Alvarez & Marsal
CLASS OF 1977
Keith Ghezzi, M.D., is an emergency medicine physician turned management consultant who is passionate about his profession. "Being a physician allows you to touch hearts and minds in a unique way," he says. "The links you create are something you never forget."
Ghezzi, the first person in his family to attend college, took full advantage of his experience at Washington & Jefferson College. One of his most inspiring mentors was Dr. Dennis Trelka, professor of biology, who taught Ghezzi that the greatest lesson a doctor can learn is respect for the dignity of all patients. "He was tough on us," he recalls. "But Trelka also taught us to do our very best." Ghezzi's friendships, his brothers in Alpha Tau Omega, and his mentors made an indelible mark on his life.
Upon graduation from W&J, Ghezzi obtained a medical degree from Georgetown University School of Medicine, completed residencies at Georgetown and George Washington Universities, and spent two years in rural West Virginia offering his services to underserved populations in the public health service. Later, he returned to George Washington's emergency department as a faculty member. Intrigued by the business of medicine, Ghezzi went on to earn a master's degree in business administration from the University of Pennsylvania Wharton School. Combining this degree with his impressive knowledge of medicine, Ghezzi became a managing director at Alvarez & Marsal, a restructuring and performance improvement firm. In this role, Ghezzi essentially is a "doctor for hospitals." his job is to examine institutions' challenges and then to help create more efficient operations by saving failing hospitals and systems, assisting groups of physicians, and guiding mergers within the healthcare industry.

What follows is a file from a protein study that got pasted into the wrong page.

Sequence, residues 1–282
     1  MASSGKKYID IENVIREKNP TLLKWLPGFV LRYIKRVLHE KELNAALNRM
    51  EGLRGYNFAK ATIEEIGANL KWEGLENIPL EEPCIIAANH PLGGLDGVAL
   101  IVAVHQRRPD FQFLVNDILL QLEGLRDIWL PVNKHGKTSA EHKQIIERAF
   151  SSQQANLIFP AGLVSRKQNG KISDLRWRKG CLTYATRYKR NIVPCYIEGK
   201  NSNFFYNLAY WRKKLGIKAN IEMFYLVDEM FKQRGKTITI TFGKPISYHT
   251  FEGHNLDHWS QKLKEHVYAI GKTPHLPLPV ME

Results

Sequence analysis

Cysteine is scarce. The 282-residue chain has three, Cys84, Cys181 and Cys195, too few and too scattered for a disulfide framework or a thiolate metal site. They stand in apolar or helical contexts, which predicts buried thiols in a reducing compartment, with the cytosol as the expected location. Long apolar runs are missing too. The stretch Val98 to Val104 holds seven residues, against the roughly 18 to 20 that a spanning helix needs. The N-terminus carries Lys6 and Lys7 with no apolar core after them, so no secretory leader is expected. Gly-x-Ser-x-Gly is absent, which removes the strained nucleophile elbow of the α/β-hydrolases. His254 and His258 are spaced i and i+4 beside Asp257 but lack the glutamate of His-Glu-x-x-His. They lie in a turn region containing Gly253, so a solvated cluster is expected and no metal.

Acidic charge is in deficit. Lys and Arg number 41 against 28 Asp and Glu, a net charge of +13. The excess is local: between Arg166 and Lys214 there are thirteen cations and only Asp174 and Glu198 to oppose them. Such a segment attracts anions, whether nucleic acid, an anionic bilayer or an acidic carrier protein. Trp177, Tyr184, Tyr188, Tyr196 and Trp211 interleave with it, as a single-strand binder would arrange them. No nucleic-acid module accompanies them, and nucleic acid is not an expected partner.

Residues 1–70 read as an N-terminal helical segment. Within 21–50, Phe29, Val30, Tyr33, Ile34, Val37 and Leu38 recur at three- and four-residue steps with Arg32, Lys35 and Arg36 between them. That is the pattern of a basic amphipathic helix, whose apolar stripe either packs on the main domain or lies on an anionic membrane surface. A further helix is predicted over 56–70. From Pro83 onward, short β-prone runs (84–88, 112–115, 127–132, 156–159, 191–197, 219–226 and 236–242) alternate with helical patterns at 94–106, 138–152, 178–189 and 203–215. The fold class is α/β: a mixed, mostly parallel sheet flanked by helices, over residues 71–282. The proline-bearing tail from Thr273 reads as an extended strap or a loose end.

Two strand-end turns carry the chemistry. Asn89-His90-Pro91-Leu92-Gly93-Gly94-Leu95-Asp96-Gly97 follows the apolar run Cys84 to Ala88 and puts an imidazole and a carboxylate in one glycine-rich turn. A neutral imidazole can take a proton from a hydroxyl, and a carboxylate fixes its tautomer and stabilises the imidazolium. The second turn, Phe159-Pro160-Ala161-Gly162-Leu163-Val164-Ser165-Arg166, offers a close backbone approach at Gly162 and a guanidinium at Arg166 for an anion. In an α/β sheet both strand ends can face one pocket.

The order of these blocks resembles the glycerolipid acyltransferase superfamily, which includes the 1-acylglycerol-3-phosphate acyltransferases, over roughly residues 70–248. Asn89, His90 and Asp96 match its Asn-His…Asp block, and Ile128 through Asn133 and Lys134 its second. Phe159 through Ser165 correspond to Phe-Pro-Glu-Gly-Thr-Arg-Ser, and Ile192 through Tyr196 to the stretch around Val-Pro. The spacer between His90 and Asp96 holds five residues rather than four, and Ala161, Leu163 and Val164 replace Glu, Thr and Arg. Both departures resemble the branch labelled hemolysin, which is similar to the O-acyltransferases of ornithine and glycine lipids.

Having succeeded in both medicine and business, Ghezzi still strives to gain new and enriching life experiences. One of his proudest personal accomplishments was when he served as a trip physician and helped lead 25 people on a trek up to base camp on Mt. Kanchenjunga, the third highest peak in the world. "You need to force yourself out of your comfort zone and take the risks that allow you to grow," he advises.